On July 18, 2017, the Honourable Bill Morneau, Minister of Finance, released a paper
for consultation, along with draft legislation and explanatory notes intended to “close
loopholes and deal with tax planning strategies that involved the use of private
One of the key issues addressed was private corporations that hold passive investment
portfolios and the perceived advantage to taxpayers that do so. In this update, we will
take an in-depth look at the current rules that apply to these investments, as well as the
proposed changes being contemplated by the government.
Corporate business income is generally taxed at lower rates than personal income,
which leaves corporations with more money to further invest in their businesses. There
are times when a private corporation’s earnings are beyond what is needed to re-invest
and grow the business. In such cases, the corporation may invest some of its earnings
in passive investments.
The government is of the view an unfair tax advantage exists, as shareholders of a
private corporation may achieve greater returns on passive investments held through a
corporation than employed individuals holding investments personally.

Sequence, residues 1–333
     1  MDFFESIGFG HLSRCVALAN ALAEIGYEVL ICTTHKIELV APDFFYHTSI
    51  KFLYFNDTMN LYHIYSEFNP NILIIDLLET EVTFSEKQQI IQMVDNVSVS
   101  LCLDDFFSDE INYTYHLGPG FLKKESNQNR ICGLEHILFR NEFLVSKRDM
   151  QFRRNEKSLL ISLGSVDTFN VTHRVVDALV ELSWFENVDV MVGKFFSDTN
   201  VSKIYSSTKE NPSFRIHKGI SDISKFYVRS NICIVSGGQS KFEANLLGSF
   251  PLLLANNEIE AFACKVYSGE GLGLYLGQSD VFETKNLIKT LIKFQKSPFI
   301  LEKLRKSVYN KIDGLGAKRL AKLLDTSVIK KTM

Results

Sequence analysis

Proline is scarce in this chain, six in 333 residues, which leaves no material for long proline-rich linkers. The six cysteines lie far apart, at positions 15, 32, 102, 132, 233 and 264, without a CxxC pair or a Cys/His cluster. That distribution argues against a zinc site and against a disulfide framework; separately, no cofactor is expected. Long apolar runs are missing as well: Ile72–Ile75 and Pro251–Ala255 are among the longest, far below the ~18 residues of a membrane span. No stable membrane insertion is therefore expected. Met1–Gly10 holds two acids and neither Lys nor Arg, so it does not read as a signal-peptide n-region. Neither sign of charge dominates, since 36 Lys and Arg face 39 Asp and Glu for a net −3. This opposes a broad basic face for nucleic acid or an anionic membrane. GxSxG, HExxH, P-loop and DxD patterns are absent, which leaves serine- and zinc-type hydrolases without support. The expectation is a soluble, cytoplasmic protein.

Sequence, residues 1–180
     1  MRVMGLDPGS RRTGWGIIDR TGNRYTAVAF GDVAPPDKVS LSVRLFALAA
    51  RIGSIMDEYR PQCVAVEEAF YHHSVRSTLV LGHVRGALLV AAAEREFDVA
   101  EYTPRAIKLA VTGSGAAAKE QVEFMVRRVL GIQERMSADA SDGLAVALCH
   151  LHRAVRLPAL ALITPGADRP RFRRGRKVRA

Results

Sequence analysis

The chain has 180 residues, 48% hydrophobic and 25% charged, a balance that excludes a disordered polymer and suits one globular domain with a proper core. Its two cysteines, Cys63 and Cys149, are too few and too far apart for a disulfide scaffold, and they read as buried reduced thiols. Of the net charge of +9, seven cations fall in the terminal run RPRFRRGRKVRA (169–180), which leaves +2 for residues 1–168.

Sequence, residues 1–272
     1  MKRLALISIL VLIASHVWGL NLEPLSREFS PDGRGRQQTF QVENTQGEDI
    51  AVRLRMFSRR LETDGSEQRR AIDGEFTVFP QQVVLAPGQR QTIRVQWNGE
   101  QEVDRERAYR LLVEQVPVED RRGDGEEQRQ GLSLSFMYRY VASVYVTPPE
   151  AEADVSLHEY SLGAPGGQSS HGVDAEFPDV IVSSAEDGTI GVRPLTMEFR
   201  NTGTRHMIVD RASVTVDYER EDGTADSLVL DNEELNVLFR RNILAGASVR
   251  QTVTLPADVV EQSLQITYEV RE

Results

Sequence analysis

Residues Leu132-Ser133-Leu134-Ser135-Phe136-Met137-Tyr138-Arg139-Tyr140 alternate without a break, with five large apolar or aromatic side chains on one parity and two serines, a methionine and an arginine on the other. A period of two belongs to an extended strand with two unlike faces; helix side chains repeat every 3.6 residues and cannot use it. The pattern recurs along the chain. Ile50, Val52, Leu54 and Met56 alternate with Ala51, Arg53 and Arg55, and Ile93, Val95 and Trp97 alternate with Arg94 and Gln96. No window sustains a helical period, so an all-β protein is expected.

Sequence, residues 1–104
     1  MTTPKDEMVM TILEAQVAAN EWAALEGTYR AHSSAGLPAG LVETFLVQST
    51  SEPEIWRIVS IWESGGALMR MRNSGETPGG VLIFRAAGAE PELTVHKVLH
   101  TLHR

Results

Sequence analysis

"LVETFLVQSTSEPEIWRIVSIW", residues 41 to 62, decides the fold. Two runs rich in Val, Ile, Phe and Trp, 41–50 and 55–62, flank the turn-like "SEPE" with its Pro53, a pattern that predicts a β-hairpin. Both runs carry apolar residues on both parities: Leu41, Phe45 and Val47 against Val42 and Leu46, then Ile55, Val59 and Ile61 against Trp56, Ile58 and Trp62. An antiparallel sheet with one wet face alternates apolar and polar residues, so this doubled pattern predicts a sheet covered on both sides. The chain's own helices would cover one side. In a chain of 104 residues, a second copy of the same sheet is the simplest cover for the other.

No legislative proposals regarding the taxation of passive investment were released in
conjunction with the paper. However, the government is contemplating changes to the
tax regime and methods for determining the tax treatment of dividends paid from
passive investments and has stated new rules will be designed in the coming months. If
enacted, these rules can potentially be amongst the most significant legislative changes
in the last 45 years.
2. Current Rules
In general terms, investment income earned by a corporation and distributed to
shareholders as dividends bears an amount of tax that is equivalent to what an
individual earning the investment income directly would pay. Accordingly, from a tax
perspective, an individual with funds to invest is generally indifferent between investing
the funds personally or through a corporation. The current provisions, which were
designed to equalize taxes payable by individuals and corporations on passive income,
have been in place since 1972.
2. Current Rules
3. Proposed Changes
4. Impact to You and Your
5. Consultation with
6. What do you need to do?
Government of Canada Proposed Tax Changes for Private Corporations | 2017
MNP TAX UPDATE Part 2: Passive Investments
How the Proposed Legislation Impacts You and Your Business